In fact, it is rather hard to cover everything from the first day in a single post.

You should have been there to absorb and digest the huge amount of information and I hope you will join the next BP Translation Conference in order not to miss such a wonderful opportunity.

Lesson 2: If you never took part in any translation conferences before (like me) you should definitely try to find some time and money to attended one. It was totally worth it.

Second Day of the Translation Conference

The second day with longer sessions took place at Hotel Aréna. There were 16 speakers and 17 sessions in three parallel tracks.

Therefore, participants had to choose which sessions are the most interesting for them. I chose three sessions:

  • Marek Buchtel — Latest developments in CAT tool features and services
  • Jonathan Hine — Don’t give your work away: how to price it
  • Ellen Singer — Ethics and integrity — best practice based on scenarios

My presentation

Being a speaker at a large international event was something new for me and I tried to do my best.

I wanted to share my own experience of local translation business development using modern online tools. I worked out a 37-slide presentation (you can download it here). During the preparation, 50 minutes were enough to cover all aspects.

However, I did not take into account that during the actual presentation some sections may take more time than during rehearsal.

Moreover, I included too much information. It was quite possible to communicate the same in a more ‘condensed’ manner omitting some redundant information.

Lesson 3: Be more specific about the topic of your presentation. Do not try to fit too many things into a single presentation. Time passes differently when you speak in public — mind the time allocated for the presentation.

Transport and Venues

We should give a credit to Csaba Bán — an administrator and the only man behind all BP17 Translation Conference arrangements, who selected wonderful venues starting from the welcome dinner and ending with accommodation for participants and the farewell dinner.

All of them were close enough to each other and it was really simple to find them in an unknown city.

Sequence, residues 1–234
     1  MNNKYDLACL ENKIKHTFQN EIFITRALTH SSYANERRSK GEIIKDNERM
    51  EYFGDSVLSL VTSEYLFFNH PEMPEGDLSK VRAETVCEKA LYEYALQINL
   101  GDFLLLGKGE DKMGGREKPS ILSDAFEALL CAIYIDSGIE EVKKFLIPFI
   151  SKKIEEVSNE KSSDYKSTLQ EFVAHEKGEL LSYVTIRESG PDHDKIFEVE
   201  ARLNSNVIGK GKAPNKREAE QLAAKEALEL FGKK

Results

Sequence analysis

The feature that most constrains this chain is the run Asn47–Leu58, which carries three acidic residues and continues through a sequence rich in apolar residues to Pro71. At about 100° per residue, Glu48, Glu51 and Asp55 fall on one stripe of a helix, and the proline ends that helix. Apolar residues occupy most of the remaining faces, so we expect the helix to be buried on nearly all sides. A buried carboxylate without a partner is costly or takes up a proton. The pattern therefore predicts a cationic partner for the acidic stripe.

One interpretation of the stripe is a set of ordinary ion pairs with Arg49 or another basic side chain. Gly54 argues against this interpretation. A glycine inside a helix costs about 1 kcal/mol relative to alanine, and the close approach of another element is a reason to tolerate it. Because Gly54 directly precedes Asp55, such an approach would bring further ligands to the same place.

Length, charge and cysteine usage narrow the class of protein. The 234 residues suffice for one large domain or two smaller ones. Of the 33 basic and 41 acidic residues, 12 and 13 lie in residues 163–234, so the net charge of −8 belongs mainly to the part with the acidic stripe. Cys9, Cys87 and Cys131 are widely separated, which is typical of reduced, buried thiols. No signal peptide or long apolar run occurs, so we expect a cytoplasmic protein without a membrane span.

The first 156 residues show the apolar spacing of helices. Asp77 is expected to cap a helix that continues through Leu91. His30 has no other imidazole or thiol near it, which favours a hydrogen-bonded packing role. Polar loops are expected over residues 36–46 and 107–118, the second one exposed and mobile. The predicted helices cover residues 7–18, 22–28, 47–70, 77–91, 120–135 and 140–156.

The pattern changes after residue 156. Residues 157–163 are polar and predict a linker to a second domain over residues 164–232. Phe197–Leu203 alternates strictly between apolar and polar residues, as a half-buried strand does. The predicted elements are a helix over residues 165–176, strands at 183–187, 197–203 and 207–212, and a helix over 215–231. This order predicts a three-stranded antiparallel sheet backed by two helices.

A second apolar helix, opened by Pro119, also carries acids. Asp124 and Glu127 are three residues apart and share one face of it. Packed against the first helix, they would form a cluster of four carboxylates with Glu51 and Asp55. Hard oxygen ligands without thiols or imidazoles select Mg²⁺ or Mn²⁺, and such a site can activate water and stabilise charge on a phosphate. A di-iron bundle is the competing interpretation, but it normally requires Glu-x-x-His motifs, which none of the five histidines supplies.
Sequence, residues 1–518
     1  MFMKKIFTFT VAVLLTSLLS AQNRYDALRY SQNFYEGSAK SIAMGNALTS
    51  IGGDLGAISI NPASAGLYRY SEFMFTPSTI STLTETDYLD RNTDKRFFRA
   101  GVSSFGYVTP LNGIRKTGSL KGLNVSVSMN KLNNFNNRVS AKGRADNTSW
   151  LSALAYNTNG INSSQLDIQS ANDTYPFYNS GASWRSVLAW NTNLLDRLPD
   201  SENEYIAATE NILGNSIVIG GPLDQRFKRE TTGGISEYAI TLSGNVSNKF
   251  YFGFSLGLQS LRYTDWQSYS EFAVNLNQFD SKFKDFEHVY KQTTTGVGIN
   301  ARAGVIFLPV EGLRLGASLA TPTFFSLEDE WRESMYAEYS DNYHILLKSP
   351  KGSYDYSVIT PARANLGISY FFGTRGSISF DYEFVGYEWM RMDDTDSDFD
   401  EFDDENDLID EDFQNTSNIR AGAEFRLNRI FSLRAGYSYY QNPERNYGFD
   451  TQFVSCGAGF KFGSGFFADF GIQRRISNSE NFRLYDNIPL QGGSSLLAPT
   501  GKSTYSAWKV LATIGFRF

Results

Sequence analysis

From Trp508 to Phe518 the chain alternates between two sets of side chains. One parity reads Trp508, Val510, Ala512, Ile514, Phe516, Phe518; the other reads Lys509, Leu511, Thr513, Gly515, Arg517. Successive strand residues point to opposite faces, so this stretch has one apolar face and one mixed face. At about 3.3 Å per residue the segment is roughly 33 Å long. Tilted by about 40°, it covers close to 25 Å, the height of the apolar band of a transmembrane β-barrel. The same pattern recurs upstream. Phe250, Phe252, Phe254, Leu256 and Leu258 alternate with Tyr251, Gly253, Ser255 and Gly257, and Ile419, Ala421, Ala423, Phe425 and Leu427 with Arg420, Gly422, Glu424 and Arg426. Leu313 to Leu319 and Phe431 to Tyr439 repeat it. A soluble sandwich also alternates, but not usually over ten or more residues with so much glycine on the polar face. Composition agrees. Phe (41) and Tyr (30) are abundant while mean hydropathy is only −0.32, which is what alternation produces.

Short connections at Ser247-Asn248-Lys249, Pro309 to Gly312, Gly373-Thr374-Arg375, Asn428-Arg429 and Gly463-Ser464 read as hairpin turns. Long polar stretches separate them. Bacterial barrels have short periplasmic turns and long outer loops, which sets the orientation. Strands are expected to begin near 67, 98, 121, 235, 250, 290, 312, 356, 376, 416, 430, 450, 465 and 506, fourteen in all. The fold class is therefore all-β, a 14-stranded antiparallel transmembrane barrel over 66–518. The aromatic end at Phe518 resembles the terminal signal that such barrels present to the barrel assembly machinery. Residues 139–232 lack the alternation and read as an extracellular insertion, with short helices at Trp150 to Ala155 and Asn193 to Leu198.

Since I came to Budapest earlier than many other participants, I decided to explore the city from both ends.

I rented an apartment on “Pest” side for the first two days (all conference venues were in this part of the city) and another apartment for the remaining 4 days on Buda hills across the Danube river that is about 20 minutes from conference venues by bus.

I thought that it would be OK to get to the conference venues within 20 minutes but in fact, it was rather inconvenient and time-consuming. Therefore, here is another lesson:

Lesson 4: Choose a place to stay as close to the conference venue as possible. In this case you will be able to get into your room to change clothes or to take some rest before the next session without spending much time for relocation.


As I already mentioned, 2017 Translation Conference in Budapest was one of the most amazing experiences I ever had.

Such events prove that translators and interpreters are a large family that can make a difference.

All conference participants unanimously claimed that it was one of the best conferences for translators they took part in over the last several years.

Indeed, the unique atmosphere created by Csaba Bán was something really special that could hardly be achieved without true dedication and love for our profession.

Translation conferences like this make an invaluable contribution to the development of translation communities and cohesiveness of all translator and interpreters in a globalized world.

You should definitely take part in the next conference that is already contemplated by Csaba Bán.

This year there were circa 200 participants. Csaba mentioned that for the next conference we need to have at least 250 participants.

I think it will be as easy as ABC especially after the success of BP17.